Lessons from farmers in “growing” your profit

OldStoryImageI recently returned from an agricultural conference where I learned that farmers have a number of insights and practices that apply to all types of businesses. Here are some.

1. A business must be sustainable. This not only includes agricultural practices, but also general business practices like these:

• Maintaining equipment so that it will be operational after it has been paid for. For many years, Certified Grocers in Ocala kept its fleet of trucks going even though the trucks were decades old and had several million miles on them. Parts were replaced before they caused a breakdown; trucks were repainted and renewed every few years. The result was a paid-for fleet that operated like new, while also contributing to the company’s higher-than-average profit margin.

•  Diversifying to retain existing customers. Recognizing that customers won’t eat only beef, chicken, pork or fish all the time, many farms have added organic products, ready-to-consume items (like apple cider) and entirely new items.

 

2. A business will only be profitable if it knows its costs. Farmers are in a commodity business where sale price is determined by the market, so they have to maintain profitability by controlling costs.

A nurseryman described how he tracks the costs of the plants he is growing on a weekly basis. This is done to the half-cent and includes labor, materials and operating costs like heat and water. Knowing this allows him to monitor the market and determine whether to sell to distributors, garden centers or retailers, or if he should invest more in “growing out the plant” to sell a larger plant at a higher price in the future.

 

3. Businesses increase sales by using every distribution chain possible. One farm that sells both livestock and produce found eight ways to they sell product, including directly to restaurants, to buying clubs in nearby areas and directly to customers at the farm. And they are considering adding flash-freezing equipment to sell meats online!

4. Brand your business. Some farmers have begun branding their product—even that sold at wholesale. They have found that when confronted with a bin full of cucumbers, customers will choose the labeled ones over the unbranded one, especially if they have a previous good experience with the product.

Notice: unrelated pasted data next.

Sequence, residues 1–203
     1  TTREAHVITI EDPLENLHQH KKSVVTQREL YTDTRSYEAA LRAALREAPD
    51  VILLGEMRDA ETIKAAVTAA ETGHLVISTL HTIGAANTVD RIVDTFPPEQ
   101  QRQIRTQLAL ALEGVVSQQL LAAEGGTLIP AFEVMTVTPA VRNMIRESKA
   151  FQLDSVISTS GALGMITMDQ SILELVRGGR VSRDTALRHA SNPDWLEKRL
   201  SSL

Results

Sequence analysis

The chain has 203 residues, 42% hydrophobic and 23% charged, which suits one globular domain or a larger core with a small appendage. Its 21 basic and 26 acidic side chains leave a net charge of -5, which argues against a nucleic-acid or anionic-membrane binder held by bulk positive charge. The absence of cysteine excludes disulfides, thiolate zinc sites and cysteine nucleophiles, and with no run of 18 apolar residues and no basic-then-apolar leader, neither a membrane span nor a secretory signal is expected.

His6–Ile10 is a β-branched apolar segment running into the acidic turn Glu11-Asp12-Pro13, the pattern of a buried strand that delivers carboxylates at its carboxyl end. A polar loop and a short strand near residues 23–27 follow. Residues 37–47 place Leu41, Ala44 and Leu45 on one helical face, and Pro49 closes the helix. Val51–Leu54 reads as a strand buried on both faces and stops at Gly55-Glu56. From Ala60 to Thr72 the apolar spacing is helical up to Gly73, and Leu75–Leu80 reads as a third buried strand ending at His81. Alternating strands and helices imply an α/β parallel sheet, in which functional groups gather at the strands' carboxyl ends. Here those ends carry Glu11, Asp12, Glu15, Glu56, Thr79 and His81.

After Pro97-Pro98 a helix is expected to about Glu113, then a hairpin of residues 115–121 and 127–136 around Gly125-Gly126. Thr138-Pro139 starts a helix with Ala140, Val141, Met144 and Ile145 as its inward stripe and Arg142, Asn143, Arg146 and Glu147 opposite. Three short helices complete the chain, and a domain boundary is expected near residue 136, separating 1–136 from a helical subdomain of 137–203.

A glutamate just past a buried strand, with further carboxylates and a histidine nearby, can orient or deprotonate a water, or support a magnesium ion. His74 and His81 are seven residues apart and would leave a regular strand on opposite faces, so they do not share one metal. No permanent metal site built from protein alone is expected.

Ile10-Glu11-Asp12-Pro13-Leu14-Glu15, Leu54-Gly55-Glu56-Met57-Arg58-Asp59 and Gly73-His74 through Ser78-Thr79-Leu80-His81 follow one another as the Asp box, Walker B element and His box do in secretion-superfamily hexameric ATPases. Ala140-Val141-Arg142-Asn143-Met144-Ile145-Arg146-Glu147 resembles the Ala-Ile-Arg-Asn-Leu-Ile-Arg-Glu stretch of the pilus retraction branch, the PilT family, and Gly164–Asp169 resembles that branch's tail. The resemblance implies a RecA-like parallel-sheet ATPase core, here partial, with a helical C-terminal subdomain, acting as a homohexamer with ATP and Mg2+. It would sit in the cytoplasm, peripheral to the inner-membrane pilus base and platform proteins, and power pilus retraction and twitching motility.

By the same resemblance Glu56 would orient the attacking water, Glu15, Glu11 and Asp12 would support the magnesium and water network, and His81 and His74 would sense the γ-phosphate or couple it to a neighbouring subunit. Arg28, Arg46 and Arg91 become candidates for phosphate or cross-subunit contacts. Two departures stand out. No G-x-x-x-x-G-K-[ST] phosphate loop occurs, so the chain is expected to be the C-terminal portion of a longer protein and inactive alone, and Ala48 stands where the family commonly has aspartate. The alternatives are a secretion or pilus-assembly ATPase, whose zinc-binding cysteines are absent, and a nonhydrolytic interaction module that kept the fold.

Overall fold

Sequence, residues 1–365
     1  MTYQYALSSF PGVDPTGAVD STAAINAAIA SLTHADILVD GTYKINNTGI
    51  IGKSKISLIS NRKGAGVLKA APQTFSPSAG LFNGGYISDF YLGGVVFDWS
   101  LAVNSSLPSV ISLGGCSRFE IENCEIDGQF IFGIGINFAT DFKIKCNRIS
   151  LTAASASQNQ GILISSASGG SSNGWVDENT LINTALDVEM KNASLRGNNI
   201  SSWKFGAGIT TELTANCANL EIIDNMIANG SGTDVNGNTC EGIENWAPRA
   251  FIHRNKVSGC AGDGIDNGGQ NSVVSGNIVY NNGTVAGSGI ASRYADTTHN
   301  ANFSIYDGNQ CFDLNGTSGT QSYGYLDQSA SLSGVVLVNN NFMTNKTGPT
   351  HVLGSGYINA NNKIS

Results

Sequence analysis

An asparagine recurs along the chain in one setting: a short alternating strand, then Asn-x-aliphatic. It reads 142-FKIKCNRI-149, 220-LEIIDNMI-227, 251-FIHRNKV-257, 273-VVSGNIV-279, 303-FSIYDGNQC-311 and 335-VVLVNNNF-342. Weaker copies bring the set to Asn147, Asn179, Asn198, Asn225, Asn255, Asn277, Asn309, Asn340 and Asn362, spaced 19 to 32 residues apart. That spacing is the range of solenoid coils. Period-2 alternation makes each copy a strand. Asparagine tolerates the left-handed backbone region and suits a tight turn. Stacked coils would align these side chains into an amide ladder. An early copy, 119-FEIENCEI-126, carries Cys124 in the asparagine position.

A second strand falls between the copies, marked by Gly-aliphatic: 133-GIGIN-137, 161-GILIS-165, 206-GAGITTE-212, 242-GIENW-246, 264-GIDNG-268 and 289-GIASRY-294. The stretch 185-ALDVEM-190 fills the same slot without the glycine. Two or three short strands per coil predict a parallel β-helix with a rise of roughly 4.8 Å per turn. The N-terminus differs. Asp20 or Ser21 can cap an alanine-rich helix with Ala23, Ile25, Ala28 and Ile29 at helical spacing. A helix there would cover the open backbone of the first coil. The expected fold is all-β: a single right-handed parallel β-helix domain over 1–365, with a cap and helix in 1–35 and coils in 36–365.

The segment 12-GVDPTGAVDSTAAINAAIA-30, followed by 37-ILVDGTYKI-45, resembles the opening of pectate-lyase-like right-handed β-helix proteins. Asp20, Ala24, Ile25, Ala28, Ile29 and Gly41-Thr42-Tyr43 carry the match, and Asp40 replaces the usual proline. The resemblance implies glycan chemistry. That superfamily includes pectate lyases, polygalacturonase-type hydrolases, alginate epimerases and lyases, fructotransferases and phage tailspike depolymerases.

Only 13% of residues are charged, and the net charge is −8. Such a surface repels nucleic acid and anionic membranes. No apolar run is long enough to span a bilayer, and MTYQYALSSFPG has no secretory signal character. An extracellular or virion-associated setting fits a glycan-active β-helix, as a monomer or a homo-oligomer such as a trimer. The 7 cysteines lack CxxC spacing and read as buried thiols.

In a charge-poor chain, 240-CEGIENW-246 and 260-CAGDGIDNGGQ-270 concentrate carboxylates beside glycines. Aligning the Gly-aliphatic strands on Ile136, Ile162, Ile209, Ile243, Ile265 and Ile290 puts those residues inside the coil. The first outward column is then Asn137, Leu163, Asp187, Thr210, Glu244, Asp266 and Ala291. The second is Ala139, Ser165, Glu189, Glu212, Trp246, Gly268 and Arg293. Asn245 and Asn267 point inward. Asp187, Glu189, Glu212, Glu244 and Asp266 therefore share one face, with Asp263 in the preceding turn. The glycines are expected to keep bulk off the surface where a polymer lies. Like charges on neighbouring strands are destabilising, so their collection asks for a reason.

5. Successful businesses create cheerleaders.A number of farmers referred to the book Raving Fans: A Revolutionary Approach to Customer Service by Ken Blanchard and Sheldon Bowles. They recognized that without customers, you don’t have a business, and that satisfied customers are the best marketing program. They strive to create “cheerleaders”—customers who work on their own time to promote your business.

6. Successful businesses love their customers.Another favorite book is The 5 Love Languages by Dr. Gary Chapman. Written as a self-help guide to help you understand relationships, it deals with understanding the motivations of others. Farmers noted that they use the lessons from the book to identify and segment their customers by type of motivation. They then design their marketing plan to provide each type of customer with a personally satisfying experience and appropriate reward scheme. While I had never thought of this book as a marketing text, it does work in that application.

7. Sell a customer what they don’t want. One farmer, whose wife runs the retail store, noted that she knows her regular customers and can guess what they will purchase when they come in. She makes a point of showing the customer an item they don’t normally purchase, and will give them samples. Many times, when the customer returns, that “new” item has been added to their normal shopping list.

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